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A few years ago, we went to visit some friends living in the Waikato. They had a bouncing baby called Angus, a mean yellow-eyed goat called Robert at the front gate and two lambs frolicking in the front paddock.
"Oh, look at your lambs," I cooed to Simon.
"Yeah," he grinned back, "we’ve called them ‘Christmas’ and ‘Dinner’.
I was momentarily slightly shocked by this, but then I remembered that I’d grown up on a sheep farm and, well, I knew where lamb chops came from.
Lamb, even when veering towards mutton, is imbued with the sweet taste of nostalgia. It’s the original grass-fed, free-range, home-grown protein — even if most of us don’t live anywhere near sheep farms anymore. Despite occasional inner conflict about eating it, lamb remains my meat treat of choice. Here’s how we eat it most often at my house.
Prep time 10 minutes
(Plus 48 hours to marinate)
Cook time 34 minutes
(plus 15 minutes to rest)
This recipe, from my wonderful sister-in-law Jenny Corry, is world famous in my family. Stick rigidly to the instructions to end up with perfectly cooked lamb. The varying thickness of the joint means that some bits will be well done while others are delectably pink.
1 butterflied (boned-out) leg of lamb
3 tbsp olive oil
3 tbsp soy sauce
6 cloves garlic, peeled and crushed
2 small red chillies, finely chopped (include the seeds)
2 tbsp soft brown sugar
1/4 cup malt vinegar
Place the lamb in a large, flat dish. Mix the remaining ingredients together, then pour over the lamb. Massage it in, then cover tightly with clingfilm and leave in the fridge for 48 hours.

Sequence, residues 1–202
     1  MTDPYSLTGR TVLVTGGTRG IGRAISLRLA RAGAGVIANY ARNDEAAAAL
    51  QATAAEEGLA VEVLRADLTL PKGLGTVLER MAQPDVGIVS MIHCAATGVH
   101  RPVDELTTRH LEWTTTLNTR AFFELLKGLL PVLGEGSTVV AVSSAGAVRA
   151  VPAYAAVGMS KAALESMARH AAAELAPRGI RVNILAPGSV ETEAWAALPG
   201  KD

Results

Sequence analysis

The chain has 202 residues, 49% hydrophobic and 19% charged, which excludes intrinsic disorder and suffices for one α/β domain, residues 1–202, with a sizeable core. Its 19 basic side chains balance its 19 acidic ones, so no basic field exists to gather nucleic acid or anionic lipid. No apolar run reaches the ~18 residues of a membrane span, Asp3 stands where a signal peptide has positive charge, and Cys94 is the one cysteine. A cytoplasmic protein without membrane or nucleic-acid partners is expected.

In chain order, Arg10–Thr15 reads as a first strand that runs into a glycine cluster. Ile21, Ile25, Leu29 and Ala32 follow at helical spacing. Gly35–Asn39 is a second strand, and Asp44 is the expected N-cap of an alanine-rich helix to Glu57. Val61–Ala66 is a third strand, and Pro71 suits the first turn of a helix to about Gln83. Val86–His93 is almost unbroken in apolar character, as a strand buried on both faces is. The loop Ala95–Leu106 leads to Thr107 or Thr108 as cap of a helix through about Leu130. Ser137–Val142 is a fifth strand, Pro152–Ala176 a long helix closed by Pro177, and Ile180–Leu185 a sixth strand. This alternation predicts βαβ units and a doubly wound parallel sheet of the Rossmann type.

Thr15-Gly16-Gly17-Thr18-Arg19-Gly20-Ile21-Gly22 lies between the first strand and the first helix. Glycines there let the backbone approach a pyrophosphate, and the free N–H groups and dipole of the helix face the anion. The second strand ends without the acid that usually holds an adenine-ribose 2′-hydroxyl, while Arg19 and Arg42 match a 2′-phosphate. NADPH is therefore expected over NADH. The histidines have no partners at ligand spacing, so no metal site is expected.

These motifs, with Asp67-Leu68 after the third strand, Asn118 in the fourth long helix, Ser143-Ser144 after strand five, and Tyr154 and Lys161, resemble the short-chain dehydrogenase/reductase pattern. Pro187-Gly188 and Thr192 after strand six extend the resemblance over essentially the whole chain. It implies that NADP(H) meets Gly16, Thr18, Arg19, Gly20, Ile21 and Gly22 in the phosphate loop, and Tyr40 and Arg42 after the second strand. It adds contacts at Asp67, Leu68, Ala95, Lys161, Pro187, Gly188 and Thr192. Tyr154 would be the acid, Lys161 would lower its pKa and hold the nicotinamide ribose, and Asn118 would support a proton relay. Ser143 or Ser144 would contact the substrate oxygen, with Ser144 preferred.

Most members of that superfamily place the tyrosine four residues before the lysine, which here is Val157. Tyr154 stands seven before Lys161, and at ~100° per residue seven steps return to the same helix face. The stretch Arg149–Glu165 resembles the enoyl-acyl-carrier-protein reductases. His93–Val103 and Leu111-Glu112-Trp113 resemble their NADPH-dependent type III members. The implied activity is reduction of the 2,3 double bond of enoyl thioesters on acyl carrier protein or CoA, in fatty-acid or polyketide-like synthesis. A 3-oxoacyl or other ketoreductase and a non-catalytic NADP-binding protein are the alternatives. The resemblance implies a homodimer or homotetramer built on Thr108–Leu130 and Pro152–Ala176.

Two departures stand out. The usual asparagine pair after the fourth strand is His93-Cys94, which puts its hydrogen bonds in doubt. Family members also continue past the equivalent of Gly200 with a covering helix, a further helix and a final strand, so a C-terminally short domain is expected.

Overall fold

Bring to room temperature (take it out of the fridge at least an hour before cooking), then barbecue over a medium-high heat for 17 minutes per side exactly. Cover with a foil tent and rest for 15 minutes, then carve into slices.
Serve with mint sauce , which you can make while the lamb is cooking. You could also serve it with minted garlic yoghurt or date, chilli and red capsicum salsa.
For the mint sauce
about 40 fresh mint leaves, finely shredded
2 Tbsp grated palm sugar or soft brown sugar
good pinch of flaky sea salt
½ cup rice vinegar
Pack the shredded mint leaves into a small bottle or jar and set aside. Put the sugar, salt and vinegar in a small pot. Stir well, then set over a medium heat. Bring to the boil and stir to dissolve the sugar, then remove from the heat and pour over the mint leaves in the jar. Leave to cool.
Store in the fridge until needed.